Charting the LifeCourse: A Human-Centric Approach to Supporting Persons with Disabilities and their Families
By Michelle C. Reynolds, Ph.D.
All people have the right to live, love, work, play and pursue their life aspirations. This belief drives the Charting the LifeCourse (CtLC) framework and tools. Developed in collaboration with family members and individuals with disabilities, CtLC helps individuals explore and navigate life and the supports they need to achieve their vision and goals. Our tools and resources provide a visual structure for exploring possibilities and developing action steps aligned with a person’s strengths, needs, and aspirations. lifecoursetools.com
The principles of our framework include:
- Focusing on all people, with and without disabilities
- Recognizing the person within the context of their family and their community
- Envisioning a trajectory of life experiences across the lifespan
- Achieving life outcomes
- Holistic focus across life domains
- Supporting the three buckets of needs (discover and navigation; connecting and networking; goods and services)
Our person-centered approach is driving transformational change to policy and practices nationwide for populations with and without disabilities. Individuals with disabilities and their
families are using the LifeCourse tools to enhance problem-solving and self-determination skills. They are using the tools to prepare for and develop school individual education or transition plans. Support coordinators are using the tools to help facilitate person-centered planning meetings for accessing disability services and supports. Families are using the tools to think about the future and to ensure their information and perspective is included in the planning process.
In New Hampshire, CtLC is used across multiple key initiatives. Several years ago, New Hampshire was the first state in the country to explore how CtLC could be used to develop seamless and unified “front door” services across aging and disability services. Currently, the New Hampshire Community of Practice for Supporting Families is working across the state to educate and develop strategies for incorporating the framework and tools into state services and supports. supportstofamilies.org/teams/new-hampshire/.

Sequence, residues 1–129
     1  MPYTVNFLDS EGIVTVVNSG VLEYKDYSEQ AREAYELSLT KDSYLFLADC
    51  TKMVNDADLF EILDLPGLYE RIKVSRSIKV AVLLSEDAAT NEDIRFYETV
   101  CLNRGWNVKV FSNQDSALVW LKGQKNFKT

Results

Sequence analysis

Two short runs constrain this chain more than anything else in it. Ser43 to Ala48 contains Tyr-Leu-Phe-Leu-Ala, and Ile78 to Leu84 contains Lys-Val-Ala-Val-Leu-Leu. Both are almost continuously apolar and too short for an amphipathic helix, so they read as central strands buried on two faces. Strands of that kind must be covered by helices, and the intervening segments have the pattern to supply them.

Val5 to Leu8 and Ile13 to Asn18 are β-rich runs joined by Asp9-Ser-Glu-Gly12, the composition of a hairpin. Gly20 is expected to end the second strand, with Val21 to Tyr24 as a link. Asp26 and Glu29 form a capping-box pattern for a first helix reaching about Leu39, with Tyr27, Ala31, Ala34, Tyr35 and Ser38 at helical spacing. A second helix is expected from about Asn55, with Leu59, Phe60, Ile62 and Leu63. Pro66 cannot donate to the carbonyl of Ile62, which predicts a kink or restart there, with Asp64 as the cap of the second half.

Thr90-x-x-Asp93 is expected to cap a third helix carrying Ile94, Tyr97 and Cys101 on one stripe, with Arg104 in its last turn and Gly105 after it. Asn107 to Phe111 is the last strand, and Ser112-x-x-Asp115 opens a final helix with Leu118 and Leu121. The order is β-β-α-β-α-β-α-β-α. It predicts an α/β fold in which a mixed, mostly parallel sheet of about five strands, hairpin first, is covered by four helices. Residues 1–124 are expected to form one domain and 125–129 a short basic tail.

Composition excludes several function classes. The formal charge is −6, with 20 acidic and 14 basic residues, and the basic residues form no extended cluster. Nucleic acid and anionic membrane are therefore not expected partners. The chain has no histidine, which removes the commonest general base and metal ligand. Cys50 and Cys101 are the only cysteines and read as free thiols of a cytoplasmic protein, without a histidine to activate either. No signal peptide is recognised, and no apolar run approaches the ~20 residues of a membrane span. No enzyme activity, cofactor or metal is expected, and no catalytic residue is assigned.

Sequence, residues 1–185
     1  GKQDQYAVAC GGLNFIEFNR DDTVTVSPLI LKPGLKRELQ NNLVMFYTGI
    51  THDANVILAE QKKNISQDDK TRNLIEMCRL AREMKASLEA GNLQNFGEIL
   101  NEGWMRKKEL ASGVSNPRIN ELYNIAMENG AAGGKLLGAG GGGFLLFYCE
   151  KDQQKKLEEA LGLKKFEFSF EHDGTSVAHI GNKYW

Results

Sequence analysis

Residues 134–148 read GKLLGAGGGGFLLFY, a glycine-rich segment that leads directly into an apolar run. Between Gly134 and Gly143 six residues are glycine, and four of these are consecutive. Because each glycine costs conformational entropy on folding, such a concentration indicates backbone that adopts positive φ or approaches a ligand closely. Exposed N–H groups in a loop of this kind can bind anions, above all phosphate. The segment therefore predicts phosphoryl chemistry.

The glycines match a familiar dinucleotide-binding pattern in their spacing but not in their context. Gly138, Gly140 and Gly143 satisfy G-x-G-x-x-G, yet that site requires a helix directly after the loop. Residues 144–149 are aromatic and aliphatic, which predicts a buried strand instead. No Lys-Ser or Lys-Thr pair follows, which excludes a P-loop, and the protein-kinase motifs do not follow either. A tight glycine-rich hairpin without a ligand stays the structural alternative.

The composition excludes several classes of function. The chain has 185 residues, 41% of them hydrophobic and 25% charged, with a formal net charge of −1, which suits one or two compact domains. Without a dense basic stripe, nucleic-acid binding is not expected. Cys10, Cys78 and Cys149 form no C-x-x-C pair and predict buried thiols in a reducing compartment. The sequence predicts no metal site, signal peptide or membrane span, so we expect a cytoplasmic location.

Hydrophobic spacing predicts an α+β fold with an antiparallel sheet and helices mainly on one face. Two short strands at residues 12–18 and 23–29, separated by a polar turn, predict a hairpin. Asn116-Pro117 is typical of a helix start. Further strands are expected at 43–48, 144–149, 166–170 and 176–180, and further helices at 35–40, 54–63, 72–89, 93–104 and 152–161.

We need frameworks and tools like CtLC to enhance the service system. It ensures that best practices for supporting people with disabilities and their families are followed. Building systems that center individual choice, voice, and vision, and respond to the rights and dignity of people with disabilities and their families brings us one step closer to a truly inclusive, equitable society.
Attribution Statement: Charting the LifeCourse was developed in collaboration with family members and individuals with disabilities by the University Center on Excellence in Developmental Disabilities at the University of Missouri Kansas City Institute for Human Development (UMKC-IHD) in partnership with national and statewide stakeholders. The growth of Charting the LifeCourse is led by an international community of self-advocates, families, and professionals who use LifeCourse daily.
Life Domain Vision Tool lifecoursetools.com/lifecourse-library/foundational-tools/
Forming a vision and beginning to plan for the future in each of the life domains helps plot a trajectory for a full, inclusive, quality life in the community. This tool is to help people of all ages start to think about a more specific vision for life in the future and narrow down what life domain(s) to focus on at this point in time. CtLC-Vision Tool-Person_Centered_2020 (1)
Michelle C. Reynolds, Ph.D., is the Executive Director of LifeCourse Nexus at University of Missouri Kansas City, Institute for Human Development, University Center on Excellence in Developmental Disabilities.
DRC-NH, in collaboration with the UNH Institute on Disability and the New Hampshire Council on Developmental Disabilities, distribute a quarterly RAP sheet to educate community members and policy makers about the latest research, policy, practice, and advocacy issues affecting individuals with disabilities and their families.